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Excerpt from Dog Talk LIVE! on Communication

October 7, 2017

 

How many of you talk to your dogs?  Probably all of us, right? Now, how many of you think your dogs understand everything that you say? Probably none of us. Do you know why?  There is a fundamental difference in how we talk and how our dogs talk – it’s not just a different language, it’s a different format.

 

I want you to consider this number: 171,476.  That’s how many words are in the English language in use today, according to the 20-volume Oxford Dictionary of the English Language.  Add to that another 9500 derivative words (such as childish from the word child) and we have nearly 181,000 words in use today (as a side note, there are 47,176 obsolete words not normally used in today’s language).

 

Want to make this even more mind-boggling?  These numbers don’t include technical language, which is a large portion of some humans’ communication.  And since we don’t understand the meanings that people are trying to convey to us, why would we think that our dogs would understand? 

 

Our dogs speak a language that includes only 2 communication variables – energy and body language.  Frankly, humans use body language as a communication tool as well (only 93% of the time!) but we don’t concentrate on that as often, especially when we are trying to communicate with our dogs.

Watch how dogs interact. Their world is nose centric as far as taking in information along with body language. Watch at the dog park when dogs meet & greet and you can see all the variables that are taking place. Tension? A fight/disagreement is on the horizon. Invitation to play? Some will take them up on it, others are not interested. Playing too rough? The dogs will self-regulate or another dog will step in the middle as a referee to ease that tension so everyone can reset.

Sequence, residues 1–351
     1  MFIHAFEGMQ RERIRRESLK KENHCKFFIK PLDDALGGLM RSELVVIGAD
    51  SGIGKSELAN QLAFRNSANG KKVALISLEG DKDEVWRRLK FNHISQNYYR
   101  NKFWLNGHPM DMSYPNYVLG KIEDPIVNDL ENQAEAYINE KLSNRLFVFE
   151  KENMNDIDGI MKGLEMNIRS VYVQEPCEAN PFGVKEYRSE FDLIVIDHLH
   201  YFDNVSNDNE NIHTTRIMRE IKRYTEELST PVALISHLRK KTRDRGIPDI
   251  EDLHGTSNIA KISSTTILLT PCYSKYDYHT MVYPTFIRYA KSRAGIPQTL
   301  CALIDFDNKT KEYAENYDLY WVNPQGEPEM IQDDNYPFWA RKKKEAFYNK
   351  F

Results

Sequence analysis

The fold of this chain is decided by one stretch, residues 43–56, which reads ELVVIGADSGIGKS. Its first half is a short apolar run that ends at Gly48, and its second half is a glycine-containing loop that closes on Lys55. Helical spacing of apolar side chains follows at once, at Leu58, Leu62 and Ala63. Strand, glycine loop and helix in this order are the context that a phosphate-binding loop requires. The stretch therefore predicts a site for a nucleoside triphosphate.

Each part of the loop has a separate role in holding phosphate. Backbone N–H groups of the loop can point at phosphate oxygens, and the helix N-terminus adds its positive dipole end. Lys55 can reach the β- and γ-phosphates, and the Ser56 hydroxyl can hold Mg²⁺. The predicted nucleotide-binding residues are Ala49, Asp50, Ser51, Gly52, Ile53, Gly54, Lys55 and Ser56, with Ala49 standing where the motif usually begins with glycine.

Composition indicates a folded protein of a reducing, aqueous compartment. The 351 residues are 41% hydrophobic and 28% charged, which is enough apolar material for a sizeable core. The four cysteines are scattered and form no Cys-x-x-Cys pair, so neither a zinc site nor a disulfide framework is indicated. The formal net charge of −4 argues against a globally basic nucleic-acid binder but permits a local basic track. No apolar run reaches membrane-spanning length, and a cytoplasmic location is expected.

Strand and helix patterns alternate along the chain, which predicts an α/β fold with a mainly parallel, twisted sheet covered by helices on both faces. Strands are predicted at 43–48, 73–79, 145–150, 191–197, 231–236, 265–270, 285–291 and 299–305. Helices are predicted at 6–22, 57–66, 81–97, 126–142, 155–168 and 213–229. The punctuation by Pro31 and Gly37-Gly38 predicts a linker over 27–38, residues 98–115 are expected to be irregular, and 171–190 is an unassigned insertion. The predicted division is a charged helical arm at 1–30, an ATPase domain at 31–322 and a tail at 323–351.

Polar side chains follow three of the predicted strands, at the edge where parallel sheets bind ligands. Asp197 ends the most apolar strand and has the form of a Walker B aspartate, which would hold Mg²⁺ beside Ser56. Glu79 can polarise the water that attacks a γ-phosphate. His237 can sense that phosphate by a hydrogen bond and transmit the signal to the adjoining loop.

Remember that YOUR body language and energy are a signal to your dog and if your canine companion isn’t calm and balanced they will see that communication from you as a direction for action (being overly protective of you from other dogs/people, etc.) In fact, in the examples that I used at the dog park, humans will often trigger a fight and keep one going much longer than it would be how unstable the humans become.  This is a pet peeve of mine; first, don’t go to a dog park if you don’t want dogs around your dog. Second, keep your mouth mostly closed if something needs correction or redirection (human emotions come out through words and it’s usually not the correct emotion – emotion equals weakness in the canine world!) and simply move toward the issue.

 

A true pack leader with calm energy can diffuse an event just by mere presence and taking space from the dogs involved. I have watched Koa do this on many occasions and he has never been bitten, nor has he given attention to that energy that needs correcting. And it quells the disturbance in record time.

 

Until the next time, communicate with less words and emotion and just use 2: Energy and Body Language!

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